Petting an ailing pup can make all the difference. A visit to the veterinarian will get them on the road to healing faster.
Treatment for dogs who vomit involves withholding food and water until their nausea subsides, then gradually giving small portions of meat or rice as treats.
Dogs suffering from vomiting and/or diarrhea require rest in order to recover, so for 4-6 hours without food but with water feedings (to allow their stomach lining a break and prevent dehydration) restrict food consumption until their symptoms have subsided. This will allow their body to get back to normal while keeping dehydration at bay.
Provide small amounts of water every 20-30 minutes during this period. If the dog doesn’t vomit after this time has elapsed, you may slowly reintroduce food.
Avoid walks and strenuous play as this could further distress their stomachs. Instead, provide them with a quiet place where they can rest while giving lots of pats to make sure that they feel at ease.
If the nausea does not subside or other symptoms worsen, consult your veterinarian immediately. They will perform further testing and make treatment recommendations accordingly.
Once your dog has vomited, avoid feeding him/her for 6-8 hours and give them only water as needed; start slowly adding one teaspoon per ten pounds of their bodyweight as fluid replacement therapy.
If your pet is vomiting bile, they will also require digestive enzymes. While most natural diets contain these components, most commercial pet foods lack them.
Your pets need help in order to thrive, so make sure that their trash receptacles are covered, any potential chompers like bones, socks or strings they might try chewing are removed and an inexpensive freeze-dried bland diet product kept on hand in your pantry is fed as an inexpensive supplement. Electrolyte rehydration sachets (available over-the-counter) should also be provided as electrolyte depletion from vomiting is very rapid; alternatively you could give some powered ginger or make tea from ground fennel in order to combat dehydration quickly after episodes like vomiting occur.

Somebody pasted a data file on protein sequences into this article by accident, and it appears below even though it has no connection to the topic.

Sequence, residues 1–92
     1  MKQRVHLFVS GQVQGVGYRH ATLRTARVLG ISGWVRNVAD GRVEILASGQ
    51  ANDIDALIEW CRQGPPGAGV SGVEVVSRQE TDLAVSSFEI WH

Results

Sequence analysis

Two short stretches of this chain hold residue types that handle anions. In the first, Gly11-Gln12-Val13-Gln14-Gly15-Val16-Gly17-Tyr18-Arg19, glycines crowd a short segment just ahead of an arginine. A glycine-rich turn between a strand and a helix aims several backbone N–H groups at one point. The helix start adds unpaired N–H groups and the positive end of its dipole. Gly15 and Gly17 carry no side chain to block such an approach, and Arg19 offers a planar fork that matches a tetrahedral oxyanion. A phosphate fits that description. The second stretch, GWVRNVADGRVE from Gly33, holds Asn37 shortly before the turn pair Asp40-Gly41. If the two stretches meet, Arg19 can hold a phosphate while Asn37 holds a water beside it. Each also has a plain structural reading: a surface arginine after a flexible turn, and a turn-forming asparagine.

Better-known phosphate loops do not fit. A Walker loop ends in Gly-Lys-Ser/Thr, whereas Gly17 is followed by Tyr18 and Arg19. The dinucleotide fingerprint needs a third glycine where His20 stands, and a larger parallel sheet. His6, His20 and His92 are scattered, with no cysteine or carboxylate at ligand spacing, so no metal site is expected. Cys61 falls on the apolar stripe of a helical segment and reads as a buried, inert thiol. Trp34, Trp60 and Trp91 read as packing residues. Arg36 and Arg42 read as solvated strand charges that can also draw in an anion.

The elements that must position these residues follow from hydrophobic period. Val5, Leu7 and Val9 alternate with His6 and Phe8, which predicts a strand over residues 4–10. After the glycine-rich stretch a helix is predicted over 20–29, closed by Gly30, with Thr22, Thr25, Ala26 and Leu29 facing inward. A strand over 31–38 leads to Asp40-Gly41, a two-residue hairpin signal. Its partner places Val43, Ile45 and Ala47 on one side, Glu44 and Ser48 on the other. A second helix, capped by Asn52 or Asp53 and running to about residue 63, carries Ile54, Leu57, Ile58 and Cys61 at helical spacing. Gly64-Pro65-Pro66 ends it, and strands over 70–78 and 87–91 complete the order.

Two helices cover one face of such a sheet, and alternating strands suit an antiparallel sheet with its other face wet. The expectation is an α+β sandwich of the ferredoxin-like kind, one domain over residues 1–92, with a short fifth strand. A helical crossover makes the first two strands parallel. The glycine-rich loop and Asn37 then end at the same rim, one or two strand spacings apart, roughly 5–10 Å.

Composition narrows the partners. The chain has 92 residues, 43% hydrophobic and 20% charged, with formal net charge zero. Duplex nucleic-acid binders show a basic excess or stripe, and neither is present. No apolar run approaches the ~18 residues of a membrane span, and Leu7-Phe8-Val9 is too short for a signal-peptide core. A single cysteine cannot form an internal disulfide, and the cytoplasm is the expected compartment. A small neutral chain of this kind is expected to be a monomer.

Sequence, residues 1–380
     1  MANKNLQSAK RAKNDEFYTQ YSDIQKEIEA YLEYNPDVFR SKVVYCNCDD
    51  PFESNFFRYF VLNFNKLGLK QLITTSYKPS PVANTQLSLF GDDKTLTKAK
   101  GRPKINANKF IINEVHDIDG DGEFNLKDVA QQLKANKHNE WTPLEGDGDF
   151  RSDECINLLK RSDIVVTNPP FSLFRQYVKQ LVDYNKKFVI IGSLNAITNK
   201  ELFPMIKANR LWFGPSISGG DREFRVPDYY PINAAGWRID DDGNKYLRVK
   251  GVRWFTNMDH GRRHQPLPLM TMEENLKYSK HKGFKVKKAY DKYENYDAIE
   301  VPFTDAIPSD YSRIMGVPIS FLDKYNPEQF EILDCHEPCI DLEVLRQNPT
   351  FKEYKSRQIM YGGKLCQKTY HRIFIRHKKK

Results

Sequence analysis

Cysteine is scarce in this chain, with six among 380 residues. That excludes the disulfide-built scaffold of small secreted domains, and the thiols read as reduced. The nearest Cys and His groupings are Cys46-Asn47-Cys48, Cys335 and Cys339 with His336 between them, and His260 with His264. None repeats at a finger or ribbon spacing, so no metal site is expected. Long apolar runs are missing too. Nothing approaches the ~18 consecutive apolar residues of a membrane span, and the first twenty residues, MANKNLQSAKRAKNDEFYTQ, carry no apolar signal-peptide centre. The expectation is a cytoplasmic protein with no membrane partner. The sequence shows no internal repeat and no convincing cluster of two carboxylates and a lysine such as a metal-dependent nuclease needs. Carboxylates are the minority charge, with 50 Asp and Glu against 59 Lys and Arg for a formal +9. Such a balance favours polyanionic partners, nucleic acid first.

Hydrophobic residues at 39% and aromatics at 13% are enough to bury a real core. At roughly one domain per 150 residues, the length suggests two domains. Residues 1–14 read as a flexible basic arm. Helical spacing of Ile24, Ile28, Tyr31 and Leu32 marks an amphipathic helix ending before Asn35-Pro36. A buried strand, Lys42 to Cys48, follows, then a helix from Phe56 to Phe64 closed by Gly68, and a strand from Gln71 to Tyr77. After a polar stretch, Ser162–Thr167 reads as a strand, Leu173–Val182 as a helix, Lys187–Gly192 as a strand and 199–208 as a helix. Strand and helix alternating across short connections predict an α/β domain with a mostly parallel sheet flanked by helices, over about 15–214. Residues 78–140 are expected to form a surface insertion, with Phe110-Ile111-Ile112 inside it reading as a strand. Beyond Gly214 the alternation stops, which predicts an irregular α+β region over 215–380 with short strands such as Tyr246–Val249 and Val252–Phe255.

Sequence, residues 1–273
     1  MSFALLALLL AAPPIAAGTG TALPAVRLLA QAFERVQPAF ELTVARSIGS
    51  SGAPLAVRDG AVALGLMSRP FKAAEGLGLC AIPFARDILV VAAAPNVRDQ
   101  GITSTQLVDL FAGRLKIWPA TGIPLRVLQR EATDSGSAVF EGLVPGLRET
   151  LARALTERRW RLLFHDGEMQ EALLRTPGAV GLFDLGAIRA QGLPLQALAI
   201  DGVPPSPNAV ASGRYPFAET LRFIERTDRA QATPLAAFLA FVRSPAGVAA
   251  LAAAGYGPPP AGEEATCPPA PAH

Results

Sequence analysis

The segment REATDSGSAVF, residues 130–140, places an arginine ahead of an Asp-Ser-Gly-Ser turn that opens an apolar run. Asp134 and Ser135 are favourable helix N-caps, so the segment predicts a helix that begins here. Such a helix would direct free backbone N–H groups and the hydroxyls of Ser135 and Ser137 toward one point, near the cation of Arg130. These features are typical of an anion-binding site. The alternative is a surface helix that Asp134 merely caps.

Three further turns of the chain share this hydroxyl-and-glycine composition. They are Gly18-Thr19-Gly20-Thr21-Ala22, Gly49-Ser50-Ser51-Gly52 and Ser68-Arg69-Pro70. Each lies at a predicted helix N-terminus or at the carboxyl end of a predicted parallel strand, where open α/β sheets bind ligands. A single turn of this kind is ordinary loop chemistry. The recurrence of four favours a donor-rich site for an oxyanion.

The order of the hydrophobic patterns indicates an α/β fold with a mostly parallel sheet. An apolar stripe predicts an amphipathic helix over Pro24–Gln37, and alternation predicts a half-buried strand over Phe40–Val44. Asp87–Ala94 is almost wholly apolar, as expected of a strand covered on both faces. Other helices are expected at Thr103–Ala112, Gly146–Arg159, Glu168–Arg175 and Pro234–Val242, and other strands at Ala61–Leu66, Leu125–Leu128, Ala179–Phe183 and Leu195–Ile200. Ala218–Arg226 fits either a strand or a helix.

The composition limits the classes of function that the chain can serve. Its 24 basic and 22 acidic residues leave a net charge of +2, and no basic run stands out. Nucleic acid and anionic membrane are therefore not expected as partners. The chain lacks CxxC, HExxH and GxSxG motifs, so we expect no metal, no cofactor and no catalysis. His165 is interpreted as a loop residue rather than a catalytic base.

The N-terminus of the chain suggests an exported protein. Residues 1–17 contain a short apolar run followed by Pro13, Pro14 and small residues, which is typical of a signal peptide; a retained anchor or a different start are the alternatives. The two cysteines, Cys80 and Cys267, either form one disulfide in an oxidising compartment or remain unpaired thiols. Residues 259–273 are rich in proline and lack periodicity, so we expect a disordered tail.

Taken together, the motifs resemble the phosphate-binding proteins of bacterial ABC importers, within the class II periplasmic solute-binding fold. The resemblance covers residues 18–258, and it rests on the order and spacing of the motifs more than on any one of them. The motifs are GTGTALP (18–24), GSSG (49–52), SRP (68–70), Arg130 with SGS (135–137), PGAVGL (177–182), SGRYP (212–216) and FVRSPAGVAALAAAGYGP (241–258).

Dogs that become sick to their stomach can quickly become dehydrated; to assist, make sure there is always plenty of fresh, clean water available at all times.
If your dog is vomiting frequently, it may be wise to withhold food temporarily (while still providing water bowl access). This will allow their stomach and digestive system to recover.
Vomiting is a natural part of digestion for dogs. Be sure to clean up their vomit as leaving it could result in them accidentally eating it again and becoming sick again. Additionally, try giving a dose of catnip tincture (combine 15 drops with small amount of filtered water and give 2-3 times per day). This should calm their stomachs and regulate digestion.
Veterinarians may prescribe ondansetron for severe nausea that involves vomiting or heaves, as this helps reduce nausea unlike other drugs that merely stop vomiting.
Your vet may also administer maropitant (Cerenia), which targets both central and peripheral pathways of nausea and vomiting induction for fast relief. This medicine starts working within an hour, only needing to be given once daily rather than twice or more often.
Pepto-Bismol or Pepcid may provide relief by helping regulate stomach acid, while Imodium will stop spasms. Homeopathic remedies like slippery elm can soothe an inflamed digestive tract while Nux Vomica and Arsenicum album may provide short-term solutions to address nausea.
Pet owners don’t always know when their dog feels unwell, but some signs should indicate an issue and prompt a visit to a veterinarian:
Concerns may include changes in appetite or vomiting that seems to worsen over time, lethargy or weight loss and an unattractive coat.
Vomiting, also known as regurgitation, involves an abrupt surge of undigested food and fluids from the stomach into the mouth and throat. Regurgitation works similarly but with less force.
Dogs that are vomiting may benefit from receiving a solution of Pedialyte and water mixed together. To administer, fill a syringe without needle and give several drops every half hour until your dog drinks it all up. Over the course of 1-2 days gradually return them to their regular diet.